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John P. Rooney
- Published on Amazon.com
"Being Present" by Willy Schumann. Subtitled: "Growing Up In Hitler's Germany" Kent State University, Kent, Ohio. 1991.
In 1927, Willy Schumann was born in northern Germany, up by the Kiel Canal and the border with Denmark. Due to this location, Willy Schumann, the author of this autobiographic book, had a great interest in the German Navy, (the Kriegsmarine), German warships and seamanship. His father was one of the pilots whose job was to guide large vessels through the Kiel Canal and its locks.
The book is an account of how the Nazi Party took over all facets of life in the
Third Reich, but most interestingly, it is an account of how the Nazi Party ran almost every aspect of the education system: teachers, curriculum and even the students' expected responses. At an early age, each German boy was required to join the Hitler Youth Hitler Youth compulsory participation (see page 104) took up more and more of a boy's time, as he grew older and older, until, for teenagers, the organization consumed even summer vacations with war games.
Willy Schumann recounts his experiences in the Hitler Youth, his indoctrination by Nazi concepts, and his belief in the Third Reich, reinforced, in 1939 through 1940, as the German army won victory after victory. He tells of the joy as the conquests of Poland, Norway, Denmark, and so on, are reported to the German people. In the early years, the only setback that he recalls is the sorrow with the sinking of the Bismark, their "darling ship", by the Royal Navy.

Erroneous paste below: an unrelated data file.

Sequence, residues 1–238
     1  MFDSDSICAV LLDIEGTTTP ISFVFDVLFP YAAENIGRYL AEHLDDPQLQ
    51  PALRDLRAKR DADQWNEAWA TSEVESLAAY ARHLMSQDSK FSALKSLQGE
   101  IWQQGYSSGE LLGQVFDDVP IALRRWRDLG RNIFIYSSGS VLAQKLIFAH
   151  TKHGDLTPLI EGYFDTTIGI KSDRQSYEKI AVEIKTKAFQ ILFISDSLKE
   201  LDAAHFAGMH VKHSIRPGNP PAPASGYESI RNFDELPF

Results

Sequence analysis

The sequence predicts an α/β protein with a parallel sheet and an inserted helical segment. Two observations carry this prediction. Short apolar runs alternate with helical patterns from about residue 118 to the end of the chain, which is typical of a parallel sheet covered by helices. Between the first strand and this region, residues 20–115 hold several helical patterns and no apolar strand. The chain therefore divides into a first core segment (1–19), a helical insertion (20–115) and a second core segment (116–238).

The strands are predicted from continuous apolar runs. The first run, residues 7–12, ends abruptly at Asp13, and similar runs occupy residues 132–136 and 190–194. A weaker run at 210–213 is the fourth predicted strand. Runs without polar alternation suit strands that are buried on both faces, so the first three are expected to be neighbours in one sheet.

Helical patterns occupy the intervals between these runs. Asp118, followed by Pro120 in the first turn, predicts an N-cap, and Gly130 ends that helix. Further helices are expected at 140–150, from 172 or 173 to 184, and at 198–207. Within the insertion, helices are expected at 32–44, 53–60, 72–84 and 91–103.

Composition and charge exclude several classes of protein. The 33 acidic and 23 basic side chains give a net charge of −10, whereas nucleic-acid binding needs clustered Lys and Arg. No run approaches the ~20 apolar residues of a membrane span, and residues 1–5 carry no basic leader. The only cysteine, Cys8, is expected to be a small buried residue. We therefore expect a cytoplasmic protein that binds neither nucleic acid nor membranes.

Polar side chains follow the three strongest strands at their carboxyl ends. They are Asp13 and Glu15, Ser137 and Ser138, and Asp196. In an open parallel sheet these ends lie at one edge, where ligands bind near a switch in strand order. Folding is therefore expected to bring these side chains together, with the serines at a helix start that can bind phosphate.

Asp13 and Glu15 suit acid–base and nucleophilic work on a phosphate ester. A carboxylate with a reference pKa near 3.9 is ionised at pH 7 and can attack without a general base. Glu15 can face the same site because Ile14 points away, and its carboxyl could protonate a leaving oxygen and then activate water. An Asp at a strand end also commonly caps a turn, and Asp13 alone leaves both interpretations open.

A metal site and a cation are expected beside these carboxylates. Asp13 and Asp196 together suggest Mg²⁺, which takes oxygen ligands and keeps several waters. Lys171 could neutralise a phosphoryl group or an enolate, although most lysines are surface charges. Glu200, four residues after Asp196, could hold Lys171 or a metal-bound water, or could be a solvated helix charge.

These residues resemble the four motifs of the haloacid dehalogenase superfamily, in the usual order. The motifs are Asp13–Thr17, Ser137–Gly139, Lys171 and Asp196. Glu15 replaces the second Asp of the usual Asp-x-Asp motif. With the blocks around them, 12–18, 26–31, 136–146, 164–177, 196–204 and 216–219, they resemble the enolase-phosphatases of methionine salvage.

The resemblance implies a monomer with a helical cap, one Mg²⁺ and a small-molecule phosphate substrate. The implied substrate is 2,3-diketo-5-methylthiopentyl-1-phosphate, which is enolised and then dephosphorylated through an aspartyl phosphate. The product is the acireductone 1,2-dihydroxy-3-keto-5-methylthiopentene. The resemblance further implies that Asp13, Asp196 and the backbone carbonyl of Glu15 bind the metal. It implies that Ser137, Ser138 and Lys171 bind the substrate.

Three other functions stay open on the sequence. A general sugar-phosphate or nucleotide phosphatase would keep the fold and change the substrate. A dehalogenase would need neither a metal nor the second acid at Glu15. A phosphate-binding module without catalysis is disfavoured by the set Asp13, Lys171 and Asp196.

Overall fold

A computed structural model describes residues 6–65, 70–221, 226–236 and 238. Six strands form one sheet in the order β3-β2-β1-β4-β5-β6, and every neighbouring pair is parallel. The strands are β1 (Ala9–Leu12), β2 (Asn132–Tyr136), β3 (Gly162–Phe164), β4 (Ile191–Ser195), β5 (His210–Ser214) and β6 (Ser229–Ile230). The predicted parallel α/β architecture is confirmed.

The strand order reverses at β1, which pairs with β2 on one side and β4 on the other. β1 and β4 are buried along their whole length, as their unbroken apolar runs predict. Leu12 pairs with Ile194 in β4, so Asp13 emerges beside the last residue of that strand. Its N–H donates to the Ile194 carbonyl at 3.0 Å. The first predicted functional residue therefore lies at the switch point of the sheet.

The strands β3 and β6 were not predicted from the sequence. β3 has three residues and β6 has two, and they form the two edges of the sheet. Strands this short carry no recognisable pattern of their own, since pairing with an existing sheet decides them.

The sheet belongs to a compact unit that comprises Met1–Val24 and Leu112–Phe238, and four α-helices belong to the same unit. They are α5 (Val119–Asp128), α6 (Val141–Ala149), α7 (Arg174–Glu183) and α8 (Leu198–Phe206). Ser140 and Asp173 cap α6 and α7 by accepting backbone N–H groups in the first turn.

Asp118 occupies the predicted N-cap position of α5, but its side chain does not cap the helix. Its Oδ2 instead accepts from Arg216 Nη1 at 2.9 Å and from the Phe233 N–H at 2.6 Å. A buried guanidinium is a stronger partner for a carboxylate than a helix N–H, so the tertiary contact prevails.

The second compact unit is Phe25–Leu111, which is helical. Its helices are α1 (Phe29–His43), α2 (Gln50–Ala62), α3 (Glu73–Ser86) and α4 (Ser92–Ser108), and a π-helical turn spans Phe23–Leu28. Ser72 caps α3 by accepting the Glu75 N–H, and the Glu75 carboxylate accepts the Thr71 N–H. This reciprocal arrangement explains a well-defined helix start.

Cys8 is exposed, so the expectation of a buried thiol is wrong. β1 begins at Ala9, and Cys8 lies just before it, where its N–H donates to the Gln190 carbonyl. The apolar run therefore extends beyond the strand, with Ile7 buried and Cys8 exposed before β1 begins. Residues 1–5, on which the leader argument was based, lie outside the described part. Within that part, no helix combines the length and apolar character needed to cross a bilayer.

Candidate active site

The Nazi Party held close control over the German people. Schumann records that the teachers found it wise not to disagree with Nazi propaganda. Religion was ignored in favor of Nazi events, so "...we grew up `like small heathens'". (Page 81.) No one dared to speak out against Adolf Hitler and his actions, and this really became dangerous after the July 20 1944 assassination attempt on Hitler. I could go on, but you ought to read his book yourself to get one man's story of a society that, at first, was grateful for better economic conditions but then became more and more fearful as the Nazis took more and more control.
To sum up, this is one man's study of how the State consumed every aspect of life until the State, itself, was consumed by outside forces. Schumann tells of his trip through the ruins of the city of Hamburg, which had been consumed by a firestorm, (July 1943), caused by RAF bombing.